Share on LinkedInShare on FacebookTweet about this on TwitterShare on Google+Pin on PinterestEmail this to someone

insider threat

Insider threats are among an organization’s biggest security challenges. Consider three recent events:
In February 2010, a 47-year old female professor at the University of Alabama at Huntsville killed three colleagues and wounded three others in a shooting rampage at a biology department staff meeting.


In September 2014, a communications contractor set fire to an FAA Air Traffic Control Center in Aurora, Illinois, grounding more than 2,000 flights in Chicago, as part of plan to “take out” the center and kill himself.


In April 2016, a former Energy Department employee was sentenced to 18 months in prison after being convicted of helping a foreign government infiltrate the agency’s computer system to steal nuclear secrets and then attempting an email “spear-phishing” attack in an FBI sting operation.


The common theme for these three events?  All were attacks by “insiders,” specifically employees, former employees, contractors, or business associates who have inside information about an organization’s security systems, data, or computer networks.


“Insiders” pose a substantial threat to all types of organization – government agencies, private sector companies, non-profit entities, and educational institutions.  This is because “insiders” have the knowledge and access which allows them to bypass the security measures designed to keep out outside intruders.


The insider threat encompasses a range of malicious attacks:  (1) those directed at a network or computer system by a person with authorized system access that result in the damage, destruction, or exfiltration of valuable and sensitive data; (2) those that damage or destroy property or disrupt the organization’s essential operations; (3) violence in the workplace committed by an employee or contractor, or former worker.  This is a subset of the larger problem of violence against workers inside and outside the workplace.


According to the Occupational Safety and Health Administration (OSHA), violence can range from threats and verbal abuse to physical assaults and homicide, one of the leading causes of job-related deaths.  In 2014 alone, 403 Americans were murdered at work.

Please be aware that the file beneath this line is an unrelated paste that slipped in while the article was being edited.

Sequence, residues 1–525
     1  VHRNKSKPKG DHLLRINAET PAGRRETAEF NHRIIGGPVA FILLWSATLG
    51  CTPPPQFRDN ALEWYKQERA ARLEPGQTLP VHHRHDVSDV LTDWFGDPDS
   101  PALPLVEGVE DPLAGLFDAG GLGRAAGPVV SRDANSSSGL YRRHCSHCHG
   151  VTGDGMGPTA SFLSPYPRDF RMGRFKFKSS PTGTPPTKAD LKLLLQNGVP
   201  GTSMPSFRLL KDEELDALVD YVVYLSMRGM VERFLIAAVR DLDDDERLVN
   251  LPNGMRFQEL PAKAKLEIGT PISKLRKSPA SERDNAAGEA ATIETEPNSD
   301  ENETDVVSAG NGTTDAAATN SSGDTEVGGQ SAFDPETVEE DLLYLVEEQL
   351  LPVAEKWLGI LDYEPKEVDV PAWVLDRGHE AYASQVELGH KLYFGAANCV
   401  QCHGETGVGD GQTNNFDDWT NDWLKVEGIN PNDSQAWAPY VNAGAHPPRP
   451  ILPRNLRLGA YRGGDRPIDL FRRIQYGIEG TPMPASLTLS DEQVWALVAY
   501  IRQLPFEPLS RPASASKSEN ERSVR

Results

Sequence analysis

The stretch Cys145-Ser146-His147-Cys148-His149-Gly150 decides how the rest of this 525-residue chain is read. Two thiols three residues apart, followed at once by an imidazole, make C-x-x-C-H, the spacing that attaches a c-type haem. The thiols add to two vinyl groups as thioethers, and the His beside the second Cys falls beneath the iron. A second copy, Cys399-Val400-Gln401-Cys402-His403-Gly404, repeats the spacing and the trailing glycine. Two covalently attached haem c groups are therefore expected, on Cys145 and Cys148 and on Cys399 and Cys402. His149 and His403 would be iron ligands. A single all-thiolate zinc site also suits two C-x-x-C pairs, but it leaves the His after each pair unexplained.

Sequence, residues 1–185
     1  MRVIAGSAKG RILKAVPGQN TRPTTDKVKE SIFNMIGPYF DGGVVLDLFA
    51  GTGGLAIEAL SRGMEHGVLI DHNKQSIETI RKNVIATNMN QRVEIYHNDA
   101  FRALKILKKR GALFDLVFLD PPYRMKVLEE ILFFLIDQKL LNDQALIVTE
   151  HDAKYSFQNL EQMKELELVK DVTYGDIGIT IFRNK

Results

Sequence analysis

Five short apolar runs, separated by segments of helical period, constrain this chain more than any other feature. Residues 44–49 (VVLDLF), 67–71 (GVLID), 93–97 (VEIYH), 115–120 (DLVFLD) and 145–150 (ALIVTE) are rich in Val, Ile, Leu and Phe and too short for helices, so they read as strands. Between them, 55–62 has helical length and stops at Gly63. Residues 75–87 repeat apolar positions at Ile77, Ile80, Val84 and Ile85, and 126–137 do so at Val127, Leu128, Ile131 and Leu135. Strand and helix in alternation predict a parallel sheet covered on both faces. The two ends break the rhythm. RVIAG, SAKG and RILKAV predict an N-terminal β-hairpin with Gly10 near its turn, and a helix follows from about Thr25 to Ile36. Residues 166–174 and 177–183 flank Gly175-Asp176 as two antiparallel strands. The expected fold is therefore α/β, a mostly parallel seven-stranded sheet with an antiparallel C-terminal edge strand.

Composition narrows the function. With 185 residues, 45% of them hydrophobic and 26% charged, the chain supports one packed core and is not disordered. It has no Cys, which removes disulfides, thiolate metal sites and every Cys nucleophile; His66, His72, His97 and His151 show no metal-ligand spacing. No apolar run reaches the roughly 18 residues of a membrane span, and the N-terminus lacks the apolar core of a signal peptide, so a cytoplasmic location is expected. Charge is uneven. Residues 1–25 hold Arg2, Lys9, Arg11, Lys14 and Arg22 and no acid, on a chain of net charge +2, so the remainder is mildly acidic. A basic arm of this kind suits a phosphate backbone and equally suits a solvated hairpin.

It is essential for organizations to protect themselves from insider threats before a serious problem occurs.  Potential incidents should be stopped in real-time and suspicious activity detected before it results in actual harm, such as violence, theft, fraud, damage, destruction, leaks and other unauthorized disclosure.


FBI recommendations for protection against threats from insiders include:


  • Educate and regularly train employees on security or other protocols.
  • Use appropriate screening processes to select new employees.
  • Provide non-threatening, convenient ways for employees to report suspicious behavior or activity.

Among OSHA’s recommendations to prevent workplace violence:


  • Provide safety education for employees so they know what conduct is not acceptable, what to do if they witness or are subjected to workplace violence, and how to protect themselves.
  • Secure the workplace. Where appropriate, install video surveillance, extra lighting, and alarm systems and minimize access by outsiders through identification badges, electronic keys, and guards.

The common denominator for these recommendations is training.  Chameleon’s Counter Insider Threat Training provides step-by-step methods for understanding and mitigating the various insider threats.  It is ideal for anyone tasked with preventing threats that originate from within, be it violence, espionage, embezzlement, sabotage, hacking, infiltration, and much more.


For details on the course and its curriculum, go to: